Senators’ slim playoff hopes take another hit after falling to Maple Leafs in shutout

Ilya Samsonov made 30 saves en route to his fourth shutout of the season and Radim Zohorna made a strong first impression scoring in his season debut as the Toronto Maple Leafs defeated the Ottawa Senators 3-0.

OTTAWA — No Ryan Reynolds on this night.

And no Battle of Ontario magic for the home side. 

In yet another game the Ottawa Senators had to have, they didn’t get it, falling 3-0  to the Maple Leafs, a loss that makes the remote even more remote re: the Sens slight hopes of grabbing one of the two wild card spots in the east. Six points back now with six games left. 

Ottawa will have to win out and get help. 

The Senators flew out after the game to deal with Columbus on Sunday. The Jackets did the Sens no favours, losing 7-0 to Florida Saturday, as the Panthers displaced Pittsburgh for the second wild card spot. The Senators will soldier on until the math doesn’t add up. 

“Everybody in the city who follows us knows we’re not going to give up till that very last buzzer,” said captain Brady Tkachuk. “If it happens, great, but if not, there’s a lot of valuable lessons and experience in the process.”

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The final Battle of Ontario on the calendar drew a huge crowd, 20,097, and more than half of them went home happy, even if the game lacked the sizzle of a 5-4 shootout win by Toronto on March 18. 

The Leafs were full value, playing for the relative luxury of home ice advantage in round one, while the Senators were playing for their playoff lives, such as they exist. They were also playing shorthanded on defence, minus three injured regulars in Thomas Chabot, Jakob Chychrun and Travis Hamonic. 

The Leafs took full advantage of Ottawa’s inexperience, netting three goals past rookie goaltender Mads Sogaard in the second period to put the game away. The third one by Radim Zohorna was a killer, coming after a pretty strong sequence by the Senators. Jake McCabe chipped the puck to Zohorna, near the left circle, and the winger scored his first as a Maple Leaf on a wrist shot to the short side that Sogaard would have expected to stop. But didn’t.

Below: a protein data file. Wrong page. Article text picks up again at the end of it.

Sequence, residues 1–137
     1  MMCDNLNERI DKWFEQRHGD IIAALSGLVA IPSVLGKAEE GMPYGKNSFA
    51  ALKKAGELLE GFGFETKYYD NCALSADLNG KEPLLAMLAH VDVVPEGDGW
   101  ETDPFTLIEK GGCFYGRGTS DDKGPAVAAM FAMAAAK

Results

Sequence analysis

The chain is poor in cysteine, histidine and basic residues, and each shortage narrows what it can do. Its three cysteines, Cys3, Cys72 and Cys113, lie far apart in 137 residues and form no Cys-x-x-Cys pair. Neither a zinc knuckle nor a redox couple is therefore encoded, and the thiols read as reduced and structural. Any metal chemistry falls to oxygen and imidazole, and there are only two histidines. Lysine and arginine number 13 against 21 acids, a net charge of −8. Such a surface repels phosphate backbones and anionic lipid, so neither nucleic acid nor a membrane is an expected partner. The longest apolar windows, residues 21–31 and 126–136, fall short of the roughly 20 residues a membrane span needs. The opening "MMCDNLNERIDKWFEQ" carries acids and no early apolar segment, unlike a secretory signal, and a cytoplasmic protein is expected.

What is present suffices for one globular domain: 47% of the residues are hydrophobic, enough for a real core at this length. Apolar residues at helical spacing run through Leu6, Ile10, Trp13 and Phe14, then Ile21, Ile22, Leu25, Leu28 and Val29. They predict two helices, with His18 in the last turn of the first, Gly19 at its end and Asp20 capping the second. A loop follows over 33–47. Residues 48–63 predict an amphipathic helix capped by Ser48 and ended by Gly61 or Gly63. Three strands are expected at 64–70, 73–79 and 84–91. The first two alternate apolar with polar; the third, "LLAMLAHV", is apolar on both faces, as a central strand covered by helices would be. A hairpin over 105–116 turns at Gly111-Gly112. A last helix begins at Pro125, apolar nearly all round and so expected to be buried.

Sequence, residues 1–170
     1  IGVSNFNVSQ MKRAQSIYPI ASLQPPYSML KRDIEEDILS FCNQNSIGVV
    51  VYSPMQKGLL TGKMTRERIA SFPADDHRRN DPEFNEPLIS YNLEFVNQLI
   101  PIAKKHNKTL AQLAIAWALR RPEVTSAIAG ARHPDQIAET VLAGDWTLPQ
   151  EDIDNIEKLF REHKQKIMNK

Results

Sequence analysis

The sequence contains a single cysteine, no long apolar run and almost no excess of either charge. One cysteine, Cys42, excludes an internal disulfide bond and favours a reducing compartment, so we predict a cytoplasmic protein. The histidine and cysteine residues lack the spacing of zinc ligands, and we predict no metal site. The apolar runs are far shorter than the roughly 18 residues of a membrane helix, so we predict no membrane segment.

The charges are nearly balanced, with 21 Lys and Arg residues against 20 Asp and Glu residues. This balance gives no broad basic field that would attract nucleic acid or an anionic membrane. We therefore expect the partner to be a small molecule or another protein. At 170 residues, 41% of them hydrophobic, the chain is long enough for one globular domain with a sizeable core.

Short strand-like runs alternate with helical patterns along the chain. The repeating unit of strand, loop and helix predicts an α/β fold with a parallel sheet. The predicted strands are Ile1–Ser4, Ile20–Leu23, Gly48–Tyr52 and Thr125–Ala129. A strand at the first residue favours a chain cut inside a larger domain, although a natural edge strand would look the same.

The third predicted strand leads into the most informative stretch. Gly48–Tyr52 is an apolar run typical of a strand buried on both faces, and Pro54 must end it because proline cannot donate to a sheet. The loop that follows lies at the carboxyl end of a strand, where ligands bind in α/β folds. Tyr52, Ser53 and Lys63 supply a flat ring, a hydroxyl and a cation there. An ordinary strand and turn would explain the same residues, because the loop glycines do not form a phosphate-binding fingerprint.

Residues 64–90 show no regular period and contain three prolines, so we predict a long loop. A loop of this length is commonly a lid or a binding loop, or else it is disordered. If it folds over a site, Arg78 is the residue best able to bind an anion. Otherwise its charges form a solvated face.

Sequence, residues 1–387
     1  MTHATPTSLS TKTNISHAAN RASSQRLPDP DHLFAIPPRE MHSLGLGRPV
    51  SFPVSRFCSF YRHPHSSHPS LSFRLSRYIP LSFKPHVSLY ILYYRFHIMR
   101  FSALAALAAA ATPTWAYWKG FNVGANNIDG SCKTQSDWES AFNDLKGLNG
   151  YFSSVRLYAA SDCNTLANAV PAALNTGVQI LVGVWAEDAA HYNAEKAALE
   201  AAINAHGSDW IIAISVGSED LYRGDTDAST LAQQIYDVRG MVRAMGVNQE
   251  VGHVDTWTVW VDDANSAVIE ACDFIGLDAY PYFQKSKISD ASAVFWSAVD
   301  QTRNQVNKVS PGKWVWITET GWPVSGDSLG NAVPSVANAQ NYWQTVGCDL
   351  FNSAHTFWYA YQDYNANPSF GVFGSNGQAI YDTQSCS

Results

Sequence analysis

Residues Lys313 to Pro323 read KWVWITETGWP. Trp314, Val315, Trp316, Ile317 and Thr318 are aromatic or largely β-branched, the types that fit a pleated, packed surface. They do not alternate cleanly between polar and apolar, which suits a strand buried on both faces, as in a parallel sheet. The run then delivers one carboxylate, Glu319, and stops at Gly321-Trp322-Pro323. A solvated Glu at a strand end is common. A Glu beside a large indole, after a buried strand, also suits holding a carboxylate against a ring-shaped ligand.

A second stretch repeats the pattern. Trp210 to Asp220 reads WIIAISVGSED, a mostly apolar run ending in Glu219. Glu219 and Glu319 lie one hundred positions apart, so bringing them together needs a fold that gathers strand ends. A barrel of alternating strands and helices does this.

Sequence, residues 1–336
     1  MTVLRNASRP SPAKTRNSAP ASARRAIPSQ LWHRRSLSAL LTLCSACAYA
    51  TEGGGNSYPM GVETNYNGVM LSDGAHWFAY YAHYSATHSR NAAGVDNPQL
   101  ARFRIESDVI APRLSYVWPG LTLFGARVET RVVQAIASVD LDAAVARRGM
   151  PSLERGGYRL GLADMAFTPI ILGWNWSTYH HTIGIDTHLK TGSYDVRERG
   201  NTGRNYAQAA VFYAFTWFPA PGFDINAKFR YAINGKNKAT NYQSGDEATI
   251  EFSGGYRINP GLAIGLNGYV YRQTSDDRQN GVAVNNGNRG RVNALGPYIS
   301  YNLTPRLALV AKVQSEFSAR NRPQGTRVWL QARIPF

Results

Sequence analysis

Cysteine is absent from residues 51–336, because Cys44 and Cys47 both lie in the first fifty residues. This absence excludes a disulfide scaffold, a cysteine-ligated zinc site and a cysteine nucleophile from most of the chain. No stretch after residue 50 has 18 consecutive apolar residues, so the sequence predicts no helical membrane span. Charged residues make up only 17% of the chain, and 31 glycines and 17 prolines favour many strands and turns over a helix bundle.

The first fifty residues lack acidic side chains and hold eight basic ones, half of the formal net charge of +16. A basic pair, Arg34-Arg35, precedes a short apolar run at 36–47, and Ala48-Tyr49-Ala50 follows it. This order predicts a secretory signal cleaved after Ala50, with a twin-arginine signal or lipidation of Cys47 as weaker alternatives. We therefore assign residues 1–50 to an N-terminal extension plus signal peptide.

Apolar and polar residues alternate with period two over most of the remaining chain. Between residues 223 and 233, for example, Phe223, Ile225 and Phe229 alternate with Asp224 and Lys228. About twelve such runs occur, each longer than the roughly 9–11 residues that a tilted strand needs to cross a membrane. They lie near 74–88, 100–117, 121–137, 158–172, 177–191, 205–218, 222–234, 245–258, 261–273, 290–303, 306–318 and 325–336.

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Turns out Sogaard had been feeling ill even before the game, and he was gone by the third period, the last goaltending calamity of this season that has seen six different Ottawa netminders. Cam Talbot finished up the third, stopping all four shots he faced. 

“He tried to gut it out,” head coach D.J. Smith said of Sogaard with his illness. “He couldn’t, but what are you going to do? We’ve got to find a way to win tomorrow. It’s that simple.”

Despite a strong first period, with the Senators outshooting the visitors 10-5 and controlling play, they had nothing to show for it. Goaltender Ilya Samsonov was sharp when he had to be. Through the night, Tkachuk, Alex DeBrincat and Dylan Gambrell all had prime chances and couldn’t score. Jake Sanderson had seven of Ottawa’s 30 shots, as the Sens outshot the Leafs 30-20. Tkachuk had five shots.

“My job is to put the puck in the net and I didn’t do that,” Tkachuk said. “I need to bear down in those situations at this point of the season.”

At times, the game looked like a Saturday night in North Dakota, with the Senators dressing four former UND players in Sanderson, Tyler Kleven, Jacob Bernard-Docker and Shane Pinto. Sanderson and Pinto have been in Ottawa all season, but Kleven just left school and was playing in his second NHL game. Bernard-Docker was called up from AHL Belleville due to Hamonic’s injury suffered against Philadelphia Thursday. 

It was the youngest D-corps the Senators have iced all season. Considering Erik Brannstrom is just 23, four of the starting six were 23 or younger. Sanderson is the youngest at 20. Kleven is 21. Bernard-Docker, 22. Sanderson played 26:38 after seeing 27:49 worth of ice time on Thursday. He was a rock as usual, while the newer kids faced challenges against a top team like the Leafs.